“We have a great team of loyal staff who are the pulse of our showroom,” Lansing states. “We highly value our design community and strategically like to find ways to cater to them. Specifically, we want to be an enhancement to any project they’re working on. Because of that, our designer relationships are very long-term. Designers know when they come to Idlewood, they’ll be assisted by a showroom team they can trust and consider their partner. Most of our designer clients have been with us for over a decade.”

Reliable Experts

Metro Lighting has six showrooms throughout the St. Louis area while Idlewood has three in Greater Chicagoland. Their spacious showrooms each feature work areas for designers and their clients to spread out plans and meet with the showroom staff to get the technical lighting assistance they need.

“Designers’ time is valuable, and we take pride in the service we provide them,” Dorton notes. “That’s the reason I took on this position – to take the weight off their shoulders so they can focus on design.”

The teams at both companies focus on the importance of being the ultimate resource to their designers both in technical expertise and having the right product on display for their markets.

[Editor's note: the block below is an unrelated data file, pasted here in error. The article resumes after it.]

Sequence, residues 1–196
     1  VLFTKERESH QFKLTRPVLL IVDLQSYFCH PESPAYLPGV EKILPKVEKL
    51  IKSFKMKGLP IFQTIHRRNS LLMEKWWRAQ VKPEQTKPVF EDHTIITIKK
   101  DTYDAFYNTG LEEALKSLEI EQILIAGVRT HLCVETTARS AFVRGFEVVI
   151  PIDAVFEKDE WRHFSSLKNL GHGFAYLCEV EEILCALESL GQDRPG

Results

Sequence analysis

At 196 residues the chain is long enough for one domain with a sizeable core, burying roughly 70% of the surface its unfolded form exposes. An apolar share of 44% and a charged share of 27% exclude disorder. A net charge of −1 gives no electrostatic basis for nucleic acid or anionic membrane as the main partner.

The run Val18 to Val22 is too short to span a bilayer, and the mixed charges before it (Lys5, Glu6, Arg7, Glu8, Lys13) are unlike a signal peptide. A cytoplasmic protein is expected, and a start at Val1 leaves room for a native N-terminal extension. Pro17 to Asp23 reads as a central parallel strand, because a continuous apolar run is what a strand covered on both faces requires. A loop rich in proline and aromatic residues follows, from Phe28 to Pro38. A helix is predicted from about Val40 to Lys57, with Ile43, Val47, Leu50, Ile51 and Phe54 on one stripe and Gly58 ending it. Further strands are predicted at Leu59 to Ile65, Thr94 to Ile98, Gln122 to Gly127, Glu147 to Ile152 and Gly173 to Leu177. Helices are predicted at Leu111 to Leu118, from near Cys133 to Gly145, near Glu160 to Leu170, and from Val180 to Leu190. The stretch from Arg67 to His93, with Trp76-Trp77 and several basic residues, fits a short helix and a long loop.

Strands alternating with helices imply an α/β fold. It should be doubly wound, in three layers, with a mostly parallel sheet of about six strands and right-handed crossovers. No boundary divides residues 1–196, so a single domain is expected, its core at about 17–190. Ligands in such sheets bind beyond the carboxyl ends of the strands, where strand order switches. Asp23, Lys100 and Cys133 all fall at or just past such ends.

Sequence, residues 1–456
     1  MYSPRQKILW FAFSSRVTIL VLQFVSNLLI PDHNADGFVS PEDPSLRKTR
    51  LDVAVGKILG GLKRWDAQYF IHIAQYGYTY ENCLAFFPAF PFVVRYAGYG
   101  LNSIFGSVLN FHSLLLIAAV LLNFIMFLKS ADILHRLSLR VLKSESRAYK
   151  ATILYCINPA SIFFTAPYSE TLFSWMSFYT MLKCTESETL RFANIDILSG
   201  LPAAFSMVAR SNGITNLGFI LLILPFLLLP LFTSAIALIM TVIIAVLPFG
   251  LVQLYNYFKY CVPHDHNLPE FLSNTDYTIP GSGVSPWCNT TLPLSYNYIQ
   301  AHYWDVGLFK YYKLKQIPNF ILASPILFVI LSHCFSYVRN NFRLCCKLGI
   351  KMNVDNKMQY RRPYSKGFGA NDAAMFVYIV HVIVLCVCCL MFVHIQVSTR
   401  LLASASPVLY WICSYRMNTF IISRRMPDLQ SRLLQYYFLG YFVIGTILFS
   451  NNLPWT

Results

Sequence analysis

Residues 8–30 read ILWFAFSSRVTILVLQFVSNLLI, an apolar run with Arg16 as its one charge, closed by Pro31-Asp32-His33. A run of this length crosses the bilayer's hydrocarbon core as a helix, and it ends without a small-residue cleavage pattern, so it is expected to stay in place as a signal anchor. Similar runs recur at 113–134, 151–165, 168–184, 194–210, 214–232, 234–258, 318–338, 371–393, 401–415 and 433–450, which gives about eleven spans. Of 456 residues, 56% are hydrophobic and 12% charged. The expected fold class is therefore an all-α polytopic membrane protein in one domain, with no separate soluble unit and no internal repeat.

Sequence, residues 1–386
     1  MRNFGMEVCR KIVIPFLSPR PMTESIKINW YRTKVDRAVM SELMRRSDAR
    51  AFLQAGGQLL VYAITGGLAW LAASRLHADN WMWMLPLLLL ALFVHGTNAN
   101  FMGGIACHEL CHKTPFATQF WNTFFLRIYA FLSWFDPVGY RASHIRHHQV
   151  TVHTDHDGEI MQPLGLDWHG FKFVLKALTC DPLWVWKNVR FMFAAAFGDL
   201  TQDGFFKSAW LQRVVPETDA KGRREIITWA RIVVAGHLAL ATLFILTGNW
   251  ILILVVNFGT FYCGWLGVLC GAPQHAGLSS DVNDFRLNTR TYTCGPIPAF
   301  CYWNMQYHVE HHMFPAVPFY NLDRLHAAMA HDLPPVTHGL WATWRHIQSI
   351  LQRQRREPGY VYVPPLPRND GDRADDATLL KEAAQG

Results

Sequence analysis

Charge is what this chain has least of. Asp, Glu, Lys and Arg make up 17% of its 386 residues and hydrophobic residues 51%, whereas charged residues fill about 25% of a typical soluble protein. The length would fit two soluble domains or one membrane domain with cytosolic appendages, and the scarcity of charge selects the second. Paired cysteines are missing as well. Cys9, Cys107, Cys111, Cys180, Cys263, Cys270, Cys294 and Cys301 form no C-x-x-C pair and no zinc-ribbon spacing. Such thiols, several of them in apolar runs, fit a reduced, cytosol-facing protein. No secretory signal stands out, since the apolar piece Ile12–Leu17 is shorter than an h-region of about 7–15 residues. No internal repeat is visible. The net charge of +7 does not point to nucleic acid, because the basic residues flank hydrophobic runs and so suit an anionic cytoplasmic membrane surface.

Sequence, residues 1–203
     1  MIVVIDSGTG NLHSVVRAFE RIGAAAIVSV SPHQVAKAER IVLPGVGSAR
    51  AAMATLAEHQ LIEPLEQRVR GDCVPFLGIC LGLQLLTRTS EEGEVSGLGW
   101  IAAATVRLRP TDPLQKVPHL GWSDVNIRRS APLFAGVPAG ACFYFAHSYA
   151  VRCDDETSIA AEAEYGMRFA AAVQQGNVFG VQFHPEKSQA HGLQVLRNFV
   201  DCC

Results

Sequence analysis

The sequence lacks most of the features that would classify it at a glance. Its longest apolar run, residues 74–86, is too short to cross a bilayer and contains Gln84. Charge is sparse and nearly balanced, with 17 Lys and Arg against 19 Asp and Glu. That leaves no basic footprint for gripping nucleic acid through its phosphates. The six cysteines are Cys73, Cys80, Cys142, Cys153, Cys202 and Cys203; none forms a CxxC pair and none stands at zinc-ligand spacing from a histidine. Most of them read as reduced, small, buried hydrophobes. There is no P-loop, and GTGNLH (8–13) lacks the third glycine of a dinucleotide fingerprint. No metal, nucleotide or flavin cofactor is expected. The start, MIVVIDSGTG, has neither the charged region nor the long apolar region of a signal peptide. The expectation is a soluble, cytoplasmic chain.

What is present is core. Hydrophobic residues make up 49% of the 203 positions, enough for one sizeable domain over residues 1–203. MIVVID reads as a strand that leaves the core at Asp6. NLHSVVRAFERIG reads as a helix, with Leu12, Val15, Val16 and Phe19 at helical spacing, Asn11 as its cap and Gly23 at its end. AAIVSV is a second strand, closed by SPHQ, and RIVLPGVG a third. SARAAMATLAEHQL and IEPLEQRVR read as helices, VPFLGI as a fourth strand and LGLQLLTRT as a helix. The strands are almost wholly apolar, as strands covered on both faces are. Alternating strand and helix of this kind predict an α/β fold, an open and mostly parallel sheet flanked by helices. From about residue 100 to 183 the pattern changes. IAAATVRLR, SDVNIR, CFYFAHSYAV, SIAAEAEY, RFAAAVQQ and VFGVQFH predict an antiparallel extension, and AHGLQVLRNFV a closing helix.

“While designers often have some preferred brands based on their comfort zone, we wouldn’t be doing our job right if we didn’t expand their horizons by educating them further about other options,” Lansing remarks. “At the same time, our showrooms attract slightly different customer bases, so it’s important to be in tune with each local market and display the looks and quality that will appeal to them. We take cues from designers on the styles, lines, and finishes they’d like to see in the showrooms.

“Today’s designers are willing to take more risks — and so are homeowners,” Lansing comments. “Over the past couple of years, we really transformed our showrooms based on feedback we got from designers about wanting clean lines and LED fixtures.” She went on to note that Idlewood’s experienced team is very good at knowing which trends have staying power, and which don’t.

“When we are deciding about new products to bring in, we talk with designers about what will last, and look at our past sales history of styles and finishes. This helps us stay away from making big mistakes with fads,” Lansing says.

Promoting Each Other

Metro Lighting hosts, or takes part in, several special events within the design community every year. They also reach out to designers with monthly calls/emails and regularly run promotions.